Edward Pentin began reporting on the Pope and the Vatican with Vatican Radio before moving on to become the Rome correspondent for the National Catholic Register. He has also reported on the Holy See and the Catholic Church for a number of other publications including Newsweek, Newsmax, Zenit, The Catholic Herald, and The Holy Land Review, a Franciscan publication specializing in the Church and the Middle East. Edward is the author of “The Rigging of a Vatican Synod? An Investigation into Alleged Manipulation at the Extraordinary Synod on the Family”, published by Ignatius Press. Follow him on Twitter @edwardpentin
Voluntary workers are "among the most precious things the Church has" who express the "most noble desires of the human heart, making a suffering person feel loved," Pope Francis said today at an audience in St. Peter's Square to mark the Jubilee of Volunteer Workers.
"Your presence is the hand of Christ held out to all, and reaching all," the Pope said at Saturday's audience, the latest event in the Holy Year of Mercy.
During his catechesis, the Pope stressed how the Church is called to be close to those in need and encouraged volunteers in their solidarity towards others, especially in a world tempted by indifference.
The Holy Father concluded by citing the example of mercy shown by Blessed Mother Teresa, whom he will canonize on Sunday at the Vatican.
Here below is the full text of the Pope's remarks:
Address of His Holiness Pope Francis
On the occasion of the Jubilee of Volunteer Workers
Saint Peter’s Square, 3 September 2016
Dear Brother and Sisters,
Good morning! We have just heard the hymn to love which the Apostle Paul wrote for the Community in Corinth, and which constitutes one of the most beautiful and demanding texts for our witness of faith (cf. 1 Cor 13:1-13). How often Saint Paul spoke of love and faith in his letters; and here too we are given something exceedingly grand and original. He states that, unlike faith and hope, love “never ends” (v. 8). This teaching must be for us an unshakable certainty; the love of God will never diminish in our lives or in human history. It is a love which remains forever youthful, active, dynamic and which has an attraction beyond all telling. It is a faithful love that does not betray, despite our fickleness. It is a fruitful love which generates and surpasses our laziness. We are witnesses to this love. The love of God, truly, comes towards us; it is like a swelling river that engulfs us without overwhelming us. Quite the contrary is true: “[If I] have not love, I am nothing”, says Saint Paul (v. 2). The more we allow ourselves to be taken up by this love, the more our life will be renewed. We should say with all our being: I am loved, therefore I exist!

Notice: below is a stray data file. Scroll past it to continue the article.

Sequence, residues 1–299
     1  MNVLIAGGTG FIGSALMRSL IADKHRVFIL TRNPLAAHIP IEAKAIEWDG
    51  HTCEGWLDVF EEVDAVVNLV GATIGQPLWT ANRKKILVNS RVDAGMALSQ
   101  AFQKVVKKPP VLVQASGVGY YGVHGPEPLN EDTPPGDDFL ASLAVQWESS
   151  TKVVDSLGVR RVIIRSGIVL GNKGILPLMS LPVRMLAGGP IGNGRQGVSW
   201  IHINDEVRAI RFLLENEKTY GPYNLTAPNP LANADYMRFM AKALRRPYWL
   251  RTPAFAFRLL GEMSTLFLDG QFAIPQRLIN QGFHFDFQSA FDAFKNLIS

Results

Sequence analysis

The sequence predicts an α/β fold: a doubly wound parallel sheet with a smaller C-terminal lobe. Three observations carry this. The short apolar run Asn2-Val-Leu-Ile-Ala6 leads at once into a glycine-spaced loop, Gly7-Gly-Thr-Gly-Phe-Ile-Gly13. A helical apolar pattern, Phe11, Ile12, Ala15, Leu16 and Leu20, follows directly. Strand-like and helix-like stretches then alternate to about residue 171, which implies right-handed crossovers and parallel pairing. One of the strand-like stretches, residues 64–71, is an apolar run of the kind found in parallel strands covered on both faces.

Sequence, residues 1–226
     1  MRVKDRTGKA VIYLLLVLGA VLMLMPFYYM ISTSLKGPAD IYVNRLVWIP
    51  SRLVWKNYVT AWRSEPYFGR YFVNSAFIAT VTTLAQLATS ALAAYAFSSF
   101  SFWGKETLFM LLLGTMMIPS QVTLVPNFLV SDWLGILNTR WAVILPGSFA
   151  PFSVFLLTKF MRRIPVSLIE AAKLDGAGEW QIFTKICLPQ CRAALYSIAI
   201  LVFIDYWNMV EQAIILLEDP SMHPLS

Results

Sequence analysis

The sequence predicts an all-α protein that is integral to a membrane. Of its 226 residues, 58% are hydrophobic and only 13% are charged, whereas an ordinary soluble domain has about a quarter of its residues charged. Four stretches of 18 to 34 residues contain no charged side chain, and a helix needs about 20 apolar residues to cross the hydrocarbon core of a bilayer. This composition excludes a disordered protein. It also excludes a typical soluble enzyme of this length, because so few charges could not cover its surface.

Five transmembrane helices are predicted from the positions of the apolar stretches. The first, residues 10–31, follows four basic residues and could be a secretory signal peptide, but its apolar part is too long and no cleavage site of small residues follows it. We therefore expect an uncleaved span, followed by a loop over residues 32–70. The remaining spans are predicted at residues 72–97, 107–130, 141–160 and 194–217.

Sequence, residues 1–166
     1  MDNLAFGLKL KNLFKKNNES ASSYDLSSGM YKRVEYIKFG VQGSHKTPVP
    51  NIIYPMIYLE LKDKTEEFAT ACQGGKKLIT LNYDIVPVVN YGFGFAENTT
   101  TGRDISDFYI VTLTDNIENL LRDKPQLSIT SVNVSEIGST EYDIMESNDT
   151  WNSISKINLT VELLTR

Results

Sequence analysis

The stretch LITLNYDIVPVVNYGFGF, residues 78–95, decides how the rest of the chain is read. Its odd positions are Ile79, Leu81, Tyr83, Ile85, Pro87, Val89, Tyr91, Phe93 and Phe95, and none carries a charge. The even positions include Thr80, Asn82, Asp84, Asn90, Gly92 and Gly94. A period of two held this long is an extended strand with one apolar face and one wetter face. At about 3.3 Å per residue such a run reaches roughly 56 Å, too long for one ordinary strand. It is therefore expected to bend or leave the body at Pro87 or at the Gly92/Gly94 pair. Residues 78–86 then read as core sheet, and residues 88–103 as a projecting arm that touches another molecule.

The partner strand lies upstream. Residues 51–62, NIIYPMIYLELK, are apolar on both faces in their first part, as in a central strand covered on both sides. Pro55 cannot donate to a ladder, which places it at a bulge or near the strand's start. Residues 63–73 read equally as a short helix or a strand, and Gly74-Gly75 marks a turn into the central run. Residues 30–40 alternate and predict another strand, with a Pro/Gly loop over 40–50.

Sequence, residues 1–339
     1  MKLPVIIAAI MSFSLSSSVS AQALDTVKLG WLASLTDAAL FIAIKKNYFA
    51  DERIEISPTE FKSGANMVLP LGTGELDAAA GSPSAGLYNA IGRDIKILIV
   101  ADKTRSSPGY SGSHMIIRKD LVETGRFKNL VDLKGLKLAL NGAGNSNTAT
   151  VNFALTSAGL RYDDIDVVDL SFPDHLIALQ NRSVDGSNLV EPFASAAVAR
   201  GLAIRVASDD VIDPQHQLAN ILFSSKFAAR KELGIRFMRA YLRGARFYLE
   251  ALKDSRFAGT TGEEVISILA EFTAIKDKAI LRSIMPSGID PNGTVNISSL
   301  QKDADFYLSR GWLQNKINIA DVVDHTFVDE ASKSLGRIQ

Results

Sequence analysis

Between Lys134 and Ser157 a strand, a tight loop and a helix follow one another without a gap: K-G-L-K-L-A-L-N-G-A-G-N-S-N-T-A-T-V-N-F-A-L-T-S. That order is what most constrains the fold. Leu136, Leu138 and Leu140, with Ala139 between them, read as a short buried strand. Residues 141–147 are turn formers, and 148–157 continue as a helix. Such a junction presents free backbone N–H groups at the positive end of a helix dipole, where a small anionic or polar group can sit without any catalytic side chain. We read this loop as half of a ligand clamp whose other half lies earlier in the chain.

The love of which the Apostle speaks is not something abstract or vague; rather, it is a love that is seen, touched, and experienced first-hand. The greatest and most expressive form of this love is Jesus. His entire person and his life are nothing other than the concrete revelation of the Father’s love, reaching its highest expression on the Cross: “God shows his love for us in that while we were yet sinners Christ died for us” (Rom 5:8). From Calvary, where the suffering of God’s Son reaches its culmination, the source of love flows, a love that wipes away all sin and transforms everything into new life. We always have indelibly within us, this certainty of faith: Christ “loved me and gave himself for me” (Gal 2:20). Nothing and no one can ever separate us from the love of God (cf. Rom 8:35-39). Love, therefore, is the highest expression of life; it allows us to exist!